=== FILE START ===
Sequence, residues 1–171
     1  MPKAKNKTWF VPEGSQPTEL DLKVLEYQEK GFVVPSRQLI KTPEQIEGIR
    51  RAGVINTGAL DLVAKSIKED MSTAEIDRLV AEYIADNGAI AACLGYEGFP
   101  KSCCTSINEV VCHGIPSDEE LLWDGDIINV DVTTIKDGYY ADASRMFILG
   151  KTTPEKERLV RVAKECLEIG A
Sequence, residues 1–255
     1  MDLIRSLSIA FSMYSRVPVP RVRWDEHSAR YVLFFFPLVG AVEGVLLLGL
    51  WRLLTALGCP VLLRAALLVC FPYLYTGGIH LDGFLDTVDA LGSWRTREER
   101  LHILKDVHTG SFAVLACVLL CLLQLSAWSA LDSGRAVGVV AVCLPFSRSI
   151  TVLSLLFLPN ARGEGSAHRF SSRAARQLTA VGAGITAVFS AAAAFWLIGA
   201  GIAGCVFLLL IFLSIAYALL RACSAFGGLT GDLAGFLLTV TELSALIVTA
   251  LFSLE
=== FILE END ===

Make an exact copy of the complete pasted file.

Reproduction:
Sequence, residues 1–171
     1  MPKAKNKTWF VPEGSQPTEL DLKVLEYQEK GFVVPSRQLI KTPEQIEGIR
    51  RAGVINTGAL DLVAKSIKED MSTAEIDRLV AEYIADNGAI AACLGYEGFP
   101  KSCCTSINEV VCHGIPSDEE LLWDGDIINV DVTTIKDGYY ADASRMFILG
   151  KTTPEKERLV RVAKECLEIG A
Sequence, residues 1–255
     1  MDLIRSLSIA FSMYSRVPVP RVRWDEHSAR YVLFFFPLVG AVEGVLLLGL
    51  WRLLTALGCP VLLRAALLVC FPYLYTGGIH LDGFLDTVDA LGSWRTREER
   101  LHILKDVHTG SFAVLACVLL CLLQLSAWSA LDSGRAVGVV AVCLPFSRSI
   151  TVLSLLFLPN ARGEGSAHRF SSRAARQLTA VGAGITAVFS AAAAFWLIGA
   201  GIAGCVFLLL IFLSIAYALL RACSAFGGLT GDLAGFLLTV TELSALIVTA
   251  LFSLE